Ashwagandha acts as an anxiolytic, decreasing cortisol secretion as well as subjective stress, as well as improving sleep quality. It is sedating at high doses but non-drowsy at lower doses, and appears to act as an adaptogen.
Ashwagandha root extract also mimics the effects of GABA, but without increasing GABA production per se. This means it has great synergy with something that does increase GABA production, like CBD.
Ashwagandha does not directly increase melatonin production. However, as you saw earlier, anything that decreases cortisol and increases GABA (or mimics it, in this case) will enable the brain to produce more melatonin, without forcing it to do so.
The effective dosage for ashwagandha usually ranges from 250 to 650 mg, with the upper half of that range being sedating and only advisable at night. Lower doses, around 50-200 mg, can sometimes be effective at enhancing the effect of other anxiolytics.
As for timing—how to use CBD for sleep—CBD should be taken around two hours before bed if in edible form, or one hour before bed if inhaled. Ashwagandha should be taken one hour before bed, and melatonin a half hour before bed. You don’t need to be precise with these times, but you will get the best results if you follow them at least approximately.
CBD and ashwagandha can also be taken during the day, with food, as non-sedating anxiolytics. In that case you’d want low doses of each—around 10 mg of CBD and 100-200 mg of ashwagandha, twice a day.
Building Your CBD Sleep Stack
To build a full sleep stack, you’ll need one CBD product, one melatonin supplement, and one ashwagandha supplement. Note that because you’re combining multiple supplements, you’re better off starting with low doses of each and working your way up.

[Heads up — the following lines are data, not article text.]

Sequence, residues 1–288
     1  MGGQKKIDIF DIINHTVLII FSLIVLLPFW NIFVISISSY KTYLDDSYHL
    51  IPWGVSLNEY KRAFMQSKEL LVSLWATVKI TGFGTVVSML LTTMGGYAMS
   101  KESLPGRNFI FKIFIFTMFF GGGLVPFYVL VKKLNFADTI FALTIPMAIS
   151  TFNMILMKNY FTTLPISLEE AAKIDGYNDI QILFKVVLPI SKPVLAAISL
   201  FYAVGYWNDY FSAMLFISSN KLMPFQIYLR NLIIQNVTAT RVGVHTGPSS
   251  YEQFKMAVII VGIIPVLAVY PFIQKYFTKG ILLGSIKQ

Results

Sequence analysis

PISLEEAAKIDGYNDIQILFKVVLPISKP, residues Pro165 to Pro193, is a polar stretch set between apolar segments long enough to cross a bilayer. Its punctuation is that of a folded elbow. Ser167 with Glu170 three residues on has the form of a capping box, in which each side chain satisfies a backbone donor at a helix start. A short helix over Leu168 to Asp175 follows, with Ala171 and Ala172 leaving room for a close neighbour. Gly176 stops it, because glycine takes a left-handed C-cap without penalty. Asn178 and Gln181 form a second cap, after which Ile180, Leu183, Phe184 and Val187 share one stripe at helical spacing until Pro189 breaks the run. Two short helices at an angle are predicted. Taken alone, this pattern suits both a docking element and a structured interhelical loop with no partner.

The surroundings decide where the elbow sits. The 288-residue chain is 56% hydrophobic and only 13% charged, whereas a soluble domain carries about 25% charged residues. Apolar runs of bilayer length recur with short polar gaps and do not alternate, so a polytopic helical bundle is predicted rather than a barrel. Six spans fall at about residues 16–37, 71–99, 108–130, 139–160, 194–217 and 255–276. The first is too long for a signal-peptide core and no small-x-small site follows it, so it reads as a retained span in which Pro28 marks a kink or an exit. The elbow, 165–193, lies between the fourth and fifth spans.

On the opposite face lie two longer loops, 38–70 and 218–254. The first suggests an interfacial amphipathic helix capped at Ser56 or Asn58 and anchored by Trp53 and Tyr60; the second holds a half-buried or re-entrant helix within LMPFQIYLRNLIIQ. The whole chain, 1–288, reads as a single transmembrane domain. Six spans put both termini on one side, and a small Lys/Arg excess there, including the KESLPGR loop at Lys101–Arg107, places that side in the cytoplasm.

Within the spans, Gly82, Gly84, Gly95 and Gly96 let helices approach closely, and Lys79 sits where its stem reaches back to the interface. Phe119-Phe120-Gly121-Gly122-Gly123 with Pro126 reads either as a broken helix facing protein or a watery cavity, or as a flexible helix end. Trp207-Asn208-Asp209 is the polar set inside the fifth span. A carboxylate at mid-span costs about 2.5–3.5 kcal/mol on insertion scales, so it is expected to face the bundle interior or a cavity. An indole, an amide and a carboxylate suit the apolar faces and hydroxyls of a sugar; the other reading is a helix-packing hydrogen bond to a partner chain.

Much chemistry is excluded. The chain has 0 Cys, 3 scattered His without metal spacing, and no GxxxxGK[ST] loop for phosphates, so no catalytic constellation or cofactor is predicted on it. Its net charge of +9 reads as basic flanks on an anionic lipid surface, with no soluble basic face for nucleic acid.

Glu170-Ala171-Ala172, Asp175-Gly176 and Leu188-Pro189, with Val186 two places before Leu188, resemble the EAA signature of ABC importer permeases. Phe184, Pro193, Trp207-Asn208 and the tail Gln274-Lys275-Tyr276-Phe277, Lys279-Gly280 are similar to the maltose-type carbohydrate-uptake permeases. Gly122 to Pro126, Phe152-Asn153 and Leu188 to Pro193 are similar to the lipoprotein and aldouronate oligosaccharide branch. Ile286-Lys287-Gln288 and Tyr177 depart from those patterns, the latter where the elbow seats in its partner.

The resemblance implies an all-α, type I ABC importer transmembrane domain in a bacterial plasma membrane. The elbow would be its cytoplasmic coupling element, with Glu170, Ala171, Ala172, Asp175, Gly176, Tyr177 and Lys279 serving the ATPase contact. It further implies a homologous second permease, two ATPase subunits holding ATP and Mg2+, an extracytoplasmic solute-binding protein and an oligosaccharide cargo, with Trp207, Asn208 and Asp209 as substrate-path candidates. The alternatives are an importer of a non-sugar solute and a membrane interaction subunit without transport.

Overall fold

Our CBD for sleep stack recommendation
Stack allows for optimal dosing with authentic supplements
Our CBD for sleep stack recommendation is:
- CBDFx gummies: these 5 mg gummies are perfect for getting a precise dose of CBD, however much or however little you want
- NOW’s Liquid melatonin: these melatonin drops will, again, allow you to precisely dose according to your nightly needs
- Tribe Organics’ KSM-66 Ashwagandha has authentic ingredients that include withanolides and allow for a perfect dose right before bed—300 mg.
If you want to pick and choose between the various products, check out the recommendations below.
The Best CBD Gummies For Sleep
Gummies allow precise dosing
Mixed berry flavor
- 5 mg per gummy, with a little sugar to aid flavor and absorption
- Gummy form allows precise dosing in 5 mg increments
- 100% vegan
Best CBD Oil For Sleep
50 mg doses
- Lowest price per mg
- Most effective form for consuming higher (50+ mg) doses
- Dosing is approximate rather than precise as with gummies
- No added flavors– easy to mix with tea, hot chocolate, etc
The Best CBD Capsules For Sleep
Best for precise high dosing
- 50 mg per capsule
- Best option for high doses with precise dosing
- Easiest to travel with
Best Immediate-Release Melatonin
2 to 3 drops nightly
- Liquid form allows adjustable dosing
- One of the few products that isn’t dosed too high for daily use
- Take 2-3 drops most nights to get .3-.5 mg
- Take 10-20 drops to reset your circadian rhythm, i.e. when jetlagged
Best Extended-Release Melatonin
Works throughout the night
Helps you fall asleep and stay asleep
- Use if you need help staying asleep, in addition to falling asleep
- Dosage acceptable for daily use, given that it’s timed-release
Best Ashwagandha Extract
Uses KSM-66 ashwagandha
- 300 mg per pill (note that the front says 600 mg, as the serving size is 2 pills)
- 300 mg is perfect for use in a sleep stack; 600 mg should be reserved for pre-bed use without CBD, or those with high tolerance or high anxiety
- 300 mg is also ideal for daytime use with food for many people.
- Low cost per pill
Best Low-Dose Ashwagandha Extract
Best low dose
Combine with high dose of CBD
- Ideal for daytime use by people who get drowsy easily
- Ideal for combining with high doses of CBD
Editor’s note: if you want to take your sleep game a bit further, you should start thinking about the effects of blue light on your Circadian rhythm. You might want to consider buying products such as blue light glasses or tinted lightbulbs that help you manage your blue light exposure. To learn more, check out our review of the science behind sleep and blue light.
We discuss CBD and ashwagandha extensively in this review. If if you’re interested in exploring more about these supplements, check out the following: